1. This is so true. A friend of mine, back in the day, published two novels with Harlequin and quit. She felt guilty about quitting, said she felt like a dilettante. I said, “Do you know how many people never publish one novel? Was Harper Lee a dilettante?” but the pressure from the outside skewed her vision on what she’d done.

      In the end you can’t write for anybody else, for outside reasons, you can’t judge yourself by outside criticisms, you write for yourself first. It won’t be an honest work if you don’t write for yourself first. And it doesn’t matter whether it’s traditionally published, self-published, fan fiction, journals, whatever, all that matters is that’s it’s honest for you.

      I think fan fiction is great, but then I think every book I write is written in collaboration with the reader: I put the story on the page and she takes it from there, fills it out with her own expectations, hopes, fantasies. So fan fiction is just the extension of that, her (or him or them) putting their part of the collaboration on the page. And there’s nothing lazy about that.

      1. And imagine how much worse outside judgment may be today, with social media comments and pressure.

    2. I published my first and so far only piece of fanfic last year. I wrote it because I was very caught up in that story’s world and needed emotional closure, much sooner than the author was going to provide it through the next book in the series. And it was great fun to write. Matching the author’s voice and characterization was fun.

      And then I thought, well if I wanted emotional closure from the story, maybe I’ll put it online and see if other people want it too. And it’s been really nice getting kudos and comments from people about it.

      So I think fanfic fills quite a different role for writers than original fic, or at least it does for me.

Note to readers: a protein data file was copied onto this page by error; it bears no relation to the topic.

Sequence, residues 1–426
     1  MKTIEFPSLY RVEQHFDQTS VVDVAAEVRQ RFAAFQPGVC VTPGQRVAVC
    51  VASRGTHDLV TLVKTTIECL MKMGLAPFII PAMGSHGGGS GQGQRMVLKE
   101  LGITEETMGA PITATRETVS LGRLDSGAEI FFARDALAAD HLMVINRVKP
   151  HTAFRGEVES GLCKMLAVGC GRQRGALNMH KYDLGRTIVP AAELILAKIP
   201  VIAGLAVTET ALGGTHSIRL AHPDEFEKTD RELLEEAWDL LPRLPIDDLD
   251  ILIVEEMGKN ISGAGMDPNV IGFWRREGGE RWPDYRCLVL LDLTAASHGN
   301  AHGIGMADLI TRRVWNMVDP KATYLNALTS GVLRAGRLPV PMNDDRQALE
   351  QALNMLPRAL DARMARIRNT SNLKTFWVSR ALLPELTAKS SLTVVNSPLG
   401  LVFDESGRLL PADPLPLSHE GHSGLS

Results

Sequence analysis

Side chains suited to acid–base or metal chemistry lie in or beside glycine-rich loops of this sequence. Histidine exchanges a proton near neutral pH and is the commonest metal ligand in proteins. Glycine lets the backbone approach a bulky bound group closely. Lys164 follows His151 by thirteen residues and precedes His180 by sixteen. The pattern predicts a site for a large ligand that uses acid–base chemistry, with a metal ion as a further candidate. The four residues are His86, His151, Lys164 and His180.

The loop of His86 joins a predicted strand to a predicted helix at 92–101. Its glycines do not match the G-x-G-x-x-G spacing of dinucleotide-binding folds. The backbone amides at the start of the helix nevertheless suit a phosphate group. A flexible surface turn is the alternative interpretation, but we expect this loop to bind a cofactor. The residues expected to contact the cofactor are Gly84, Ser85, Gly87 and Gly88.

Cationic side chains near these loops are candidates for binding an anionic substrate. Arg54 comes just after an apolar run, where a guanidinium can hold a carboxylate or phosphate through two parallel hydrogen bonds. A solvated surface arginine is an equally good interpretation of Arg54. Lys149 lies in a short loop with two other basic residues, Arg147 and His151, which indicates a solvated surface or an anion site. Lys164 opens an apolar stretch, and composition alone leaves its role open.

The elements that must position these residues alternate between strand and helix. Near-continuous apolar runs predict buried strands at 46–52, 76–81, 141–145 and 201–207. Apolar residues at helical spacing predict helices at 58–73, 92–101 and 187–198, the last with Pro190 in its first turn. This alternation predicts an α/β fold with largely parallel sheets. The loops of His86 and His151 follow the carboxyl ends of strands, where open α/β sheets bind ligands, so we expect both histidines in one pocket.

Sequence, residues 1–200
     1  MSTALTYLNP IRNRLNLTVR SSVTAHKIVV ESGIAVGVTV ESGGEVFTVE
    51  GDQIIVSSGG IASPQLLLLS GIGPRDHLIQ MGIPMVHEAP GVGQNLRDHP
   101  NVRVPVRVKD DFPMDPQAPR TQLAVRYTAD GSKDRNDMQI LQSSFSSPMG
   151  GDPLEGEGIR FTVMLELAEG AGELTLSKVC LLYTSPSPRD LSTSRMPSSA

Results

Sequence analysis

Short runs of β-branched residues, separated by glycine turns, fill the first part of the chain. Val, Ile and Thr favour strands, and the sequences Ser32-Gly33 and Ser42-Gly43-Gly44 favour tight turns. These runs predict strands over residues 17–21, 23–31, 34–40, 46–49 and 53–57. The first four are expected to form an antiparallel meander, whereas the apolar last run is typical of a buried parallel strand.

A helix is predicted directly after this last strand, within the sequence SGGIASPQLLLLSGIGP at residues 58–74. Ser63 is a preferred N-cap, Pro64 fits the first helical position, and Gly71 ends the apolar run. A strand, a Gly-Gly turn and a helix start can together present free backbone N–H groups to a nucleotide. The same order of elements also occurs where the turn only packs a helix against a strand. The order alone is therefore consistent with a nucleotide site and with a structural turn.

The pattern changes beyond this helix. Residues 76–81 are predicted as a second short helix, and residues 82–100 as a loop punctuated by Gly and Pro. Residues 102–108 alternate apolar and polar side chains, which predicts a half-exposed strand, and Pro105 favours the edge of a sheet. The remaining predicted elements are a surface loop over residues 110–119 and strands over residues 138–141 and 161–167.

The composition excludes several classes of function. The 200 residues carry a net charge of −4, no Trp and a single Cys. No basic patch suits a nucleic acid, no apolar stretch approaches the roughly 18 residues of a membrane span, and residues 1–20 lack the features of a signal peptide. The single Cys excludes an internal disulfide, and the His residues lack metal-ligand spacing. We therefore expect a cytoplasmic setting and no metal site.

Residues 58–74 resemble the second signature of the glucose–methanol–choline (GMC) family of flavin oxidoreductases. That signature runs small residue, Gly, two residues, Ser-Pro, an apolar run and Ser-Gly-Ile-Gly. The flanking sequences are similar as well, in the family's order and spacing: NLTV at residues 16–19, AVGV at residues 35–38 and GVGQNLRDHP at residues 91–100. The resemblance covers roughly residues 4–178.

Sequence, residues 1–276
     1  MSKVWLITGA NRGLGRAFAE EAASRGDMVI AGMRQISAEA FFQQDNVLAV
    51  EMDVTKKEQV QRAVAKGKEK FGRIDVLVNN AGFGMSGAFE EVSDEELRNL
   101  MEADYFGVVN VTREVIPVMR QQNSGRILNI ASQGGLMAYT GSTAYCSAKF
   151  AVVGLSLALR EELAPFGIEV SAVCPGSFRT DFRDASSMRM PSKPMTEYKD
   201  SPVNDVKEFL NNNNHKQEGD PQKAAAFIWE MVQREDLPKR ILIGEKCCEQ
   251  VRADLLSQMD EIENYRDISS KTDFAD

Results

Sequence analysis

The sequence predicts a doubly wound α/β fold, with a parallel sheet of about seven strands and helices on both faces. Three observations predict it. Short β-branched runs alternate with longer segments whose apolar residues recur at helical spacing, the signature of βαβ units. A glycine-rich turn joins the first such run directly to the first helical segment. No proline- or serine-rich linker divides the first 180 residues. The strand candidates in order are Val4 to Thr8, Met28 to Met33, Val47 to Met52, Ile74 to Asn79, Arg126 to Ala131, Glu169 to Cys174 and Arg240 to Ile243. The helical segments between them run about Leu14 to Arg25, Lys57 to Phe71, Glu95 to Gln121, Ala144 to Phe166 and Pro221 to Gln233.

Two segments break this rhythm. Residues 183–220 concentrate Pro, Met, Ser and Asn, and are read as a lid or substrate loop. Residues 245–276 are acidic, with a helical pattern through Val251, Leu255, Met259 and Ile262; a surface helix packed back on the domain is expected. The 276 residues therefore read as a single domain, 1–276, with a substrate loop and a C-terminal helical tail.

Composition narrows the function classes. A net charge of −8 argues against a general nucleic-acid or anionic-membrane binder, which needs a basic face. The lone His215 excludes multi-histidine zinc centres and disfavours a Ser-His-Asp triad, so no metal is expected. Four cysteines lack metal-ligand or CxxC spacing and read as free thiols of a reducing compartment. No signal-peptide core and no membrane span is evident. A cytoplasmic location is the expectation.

1. I totally agree about fanfic scratching a different itch. I’ve never wanted to write fanfic because I don’t want to play in someone else’s sandbox. Either I want to relax and enjoy someone else’s story, or I want complete creative control in mine.

  3. Me: “Hi. My name is Gary.”

    All: “Hi, Gary!”

    Me: “I am a fan fiction writer. It’s been almost 19 years since I last wrote FanFic. That was First Impressions.”

    All: Light scattering of applause.

    Okay. Enough of Fan Fiction Writers Anonymous (and trust me, a lot of that stuff was written anonymously, or under suedo-nyms. Those are like pseudonyms, but written on brushed leather.) (And they’re full of bad puns.)

    First Impressions was about creatures – but not characters or people – from Anne McCaffrey’s PERN series. Specifically a Fire Lizard teleports through time and space from the pre-colonization world of PERN to Earth, for reasons. It’s a pregnant Golden (Queen) Fire Lizard who lays a clutch of eggs and then disappears. (They do that.) Now let me wave my fingers and chant “Doodlydoo! Doodlydoo! Doodlydoo! Doodlydoo!” ** and now we’re back in 2001. DennyW is explaining to me that his friends and acquaintances of the NewsGroup alt.Callahans* are holding A Hatching. It seems that many, many Robinson fans were also Anne McCaffrey fans. So I went to Alt.Callahans and read some hatchings and cried the now famous, “Argh! _I_ could do better than that!” DennyW proceeded to make me put my money whereat was my mouth. The result was a somewhat better Hatching post and the first chapter of my story

    My story, because I received tres beaucoups de fan mail demanding more and I had not learned to say, “Just discovery!” or “No story – just noodling with an idea!” [cough]